The CRTC decided last week not to impose a "Netflix tax" on foreign online broadcasters for the purposes of supporting the creation of Canadian content — at least for now. Instead, it announced a drastic relaxation of the quotas that require broadcasters to fill a certain number of hours each day with Canadian-made content.
This is not going to solve the problem of Canadian broadcasters being burdened with more responsibilities than foreign online broadcasters, since the amounts each broadcaster is required to spend on Canadian programming will stay at current levels. That burden should have been removed for all, as I argued last year. But at least it's a step in the right direction.
The same issue arises when it comes to sales taxes, and another decision will have to be made soon, this time by the Finance Minister, perhaps as soon as the next budget.
The tax system should ideally be as neutral as possible and, one would think, should especially not penalize domestic companies in favour of foreign ones. Imposing taxes on some players that others offering the same products or services can avoid is the antithesis of a free market with a level playing field.
But this is precisely what is going on in Canada. If you buy an eBook from Amazon.com or subscribe to Netflix, you pay no sales taxes on your purchases because these companies are located outside the country. Buy an eBook from Canadian bookseller Indigo, however, or subscribe to a Canadian streaming service like Shomi, CraveTV or Club Illico, and you will pay between 5 per cent and 15 per cent GST/HST depending on your province of residence.
Individuals are technically supposed to report such digital purchases from abroad and pay the GST/HST to the Canadian government. "Hello, Ottawa? I owe you even more money!" Yeah, that's gonna happen.
This is why the government of Canada last year called for "Submissions for Consultation on Tax Planning by Multinational Enterprises" to get input from stakeholders regarding the taxing of e-commerce.
One way to level the playing field, suggested by various industry players that submitted briefs last year, would be to require foreign companies selling digital supplies to Canadians to register for and remit GST/HST to Ottawa. Indeed, this is the route the European Union and others are going down. Companies like Amazon used to charge Luxemburg's low 3 per cent sales tax rate on e-books when selling to clients in other European countries, but as of January 1, 2015, they will have to charge the rate in effect in the buyer's country–as high as 20 per cent in countries like England.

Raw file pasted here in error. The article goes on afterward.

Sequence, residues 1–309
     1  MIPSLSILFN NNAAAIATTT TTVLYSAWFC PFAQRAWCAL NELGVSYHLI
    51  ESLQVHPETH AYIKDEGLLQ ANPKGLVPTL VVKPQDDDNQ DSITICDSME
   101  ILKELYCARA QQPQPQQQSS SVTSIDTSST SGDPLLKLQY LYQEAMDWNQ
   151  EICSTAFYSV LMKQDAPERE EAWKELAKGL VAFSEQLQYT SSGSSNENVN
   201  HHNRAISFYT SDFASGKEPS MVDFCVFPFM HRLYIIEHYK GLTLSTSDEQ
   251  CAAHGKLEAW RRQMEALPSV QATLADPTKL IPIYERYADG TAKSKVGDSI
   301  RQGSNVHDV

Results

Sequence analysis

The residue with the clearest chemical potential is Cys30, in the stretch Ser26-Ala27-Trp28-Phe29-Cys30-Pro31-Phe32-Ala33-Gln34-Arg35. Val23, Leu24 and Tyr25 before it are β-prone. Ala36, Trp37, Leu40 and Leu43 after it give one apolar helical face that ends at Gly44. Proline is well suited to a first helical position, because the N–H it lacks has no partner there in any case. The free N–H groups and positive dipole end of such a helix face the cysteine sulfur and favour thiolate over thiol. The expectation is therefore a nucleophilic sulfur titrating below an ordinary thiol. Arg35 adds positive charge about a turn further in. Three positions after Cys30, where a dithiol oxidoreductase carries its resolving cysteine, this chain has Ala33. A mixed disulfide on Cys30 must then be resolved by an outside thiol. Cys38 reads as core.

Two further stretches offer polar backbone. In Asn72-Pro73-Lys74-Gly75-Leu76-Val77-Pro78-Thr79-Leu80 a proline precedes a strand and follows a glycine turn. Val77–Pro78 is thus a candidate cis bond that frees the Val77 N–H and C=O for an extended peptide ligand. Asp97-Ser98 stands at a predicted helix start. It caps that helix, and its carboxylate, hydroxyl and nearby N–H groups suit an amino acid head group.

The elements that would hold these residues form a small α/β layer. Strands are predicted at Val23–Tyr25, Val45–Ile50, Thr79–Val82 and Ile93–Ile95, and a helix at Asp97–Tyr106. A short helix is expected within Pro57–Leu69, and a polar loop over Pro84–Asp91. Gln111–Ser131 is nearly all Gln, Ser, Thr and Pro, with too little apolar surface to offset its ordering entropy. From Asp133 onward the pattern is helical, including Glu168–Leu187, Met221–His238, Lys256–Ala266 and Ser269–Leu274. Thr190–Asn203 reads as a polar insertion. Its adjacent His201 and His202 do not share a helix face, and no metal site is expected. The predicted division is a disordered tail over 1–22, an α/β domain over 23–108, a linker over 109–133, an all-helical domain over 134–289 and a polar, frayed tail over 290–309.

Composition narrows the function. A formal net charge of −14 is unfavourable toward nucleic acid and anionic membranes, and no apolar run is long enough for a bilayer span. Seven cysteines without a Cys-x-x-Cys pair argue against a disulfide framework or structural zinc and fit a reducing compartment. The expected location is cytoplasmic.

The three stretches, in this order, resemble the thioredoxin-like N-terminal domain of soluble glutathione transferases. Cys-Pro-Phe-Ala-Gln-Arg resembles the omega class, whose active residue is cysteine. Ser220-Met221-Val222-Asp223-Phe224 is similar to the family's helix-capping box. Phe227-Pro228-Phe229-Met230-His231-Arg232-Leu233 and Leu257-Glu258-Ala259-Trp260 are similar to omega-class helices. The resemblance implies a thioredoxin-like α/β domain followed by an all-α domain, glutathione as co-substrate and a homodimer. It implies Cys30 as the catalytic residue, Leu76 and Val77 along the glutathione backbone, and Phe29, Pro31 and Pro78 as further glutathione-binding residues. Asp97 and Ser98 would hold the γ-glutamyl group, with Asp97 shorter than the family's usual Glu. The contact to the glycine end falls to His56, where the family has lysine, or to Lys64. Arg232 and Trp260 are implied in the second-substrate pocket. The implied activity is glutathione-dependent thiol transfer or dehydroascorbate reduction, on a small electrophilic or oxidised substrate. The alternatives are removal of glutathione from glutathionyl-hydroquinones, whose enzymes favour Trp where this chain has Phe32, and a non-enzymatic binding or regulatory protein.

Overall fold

While the debate is essentially settled in the European Union, it is raging in the United States. Some states tax services like Netflix, and some don't, with legal challenges on the matter taking place in Kentucky and Louisiana.
One problem the Canadian government should consider is that such taxes impose a compliance cost on the businesses required to register for and remit taxes for each of the possibly many jurisdictions where they have e-clients. While this might be an improvement on the current, unbalanced status quo from the point of view of Canadian companies facing foreign competition, there is an alternative solution: Stop taxing digital supplies altogether, including those sold by Canadian companies.
Such products would not be alone in being treated differently by the tax system. There already exist many GST/HST-exempt or zero-rated goods and services such as child care, music lessons, prescription drugs and basic groceries.
What would justify a similar exemption for digital supplies? It's not that they are as essential or basic as many of the other items that are exempt. Instead, what separates them from other goods is the same thing that makes it so easy for them to cross international borders: their virtual nature.
There is no tangible thing that has to be shipped and handled by couriers, no physical package that has to be x-rayed and inspected by customs agents. It's all just information: ones and zeros telling your hardware to produce certain sounds and/or images. As such, the buying and selling of digital supplies requires a lot less government oversight.
Another advantage of not taxing digital supplies should appeal to everyone concerned with the environment and the use of resources: It would encourage the dematerialization of the economy, that is, the producing and shipping of more and more stuff using fewer and fewer physical resources. This trend has been going on for decades, and is growing even faster today with the multiplication of goods and services delivered through the Internet.
Canadian sellers do need a level playing field, and it may make some sense to levy taxes on physical packages being shipped into the country by courier or mail. But given the intrinsically intangible nature of digital supplies, it would be better for everyone to level that playing field down to zero in this particular case.
Michel Kelly-Gagnon is President and CEO of the Montreal Economic Institute. The views reflected in this column are his own.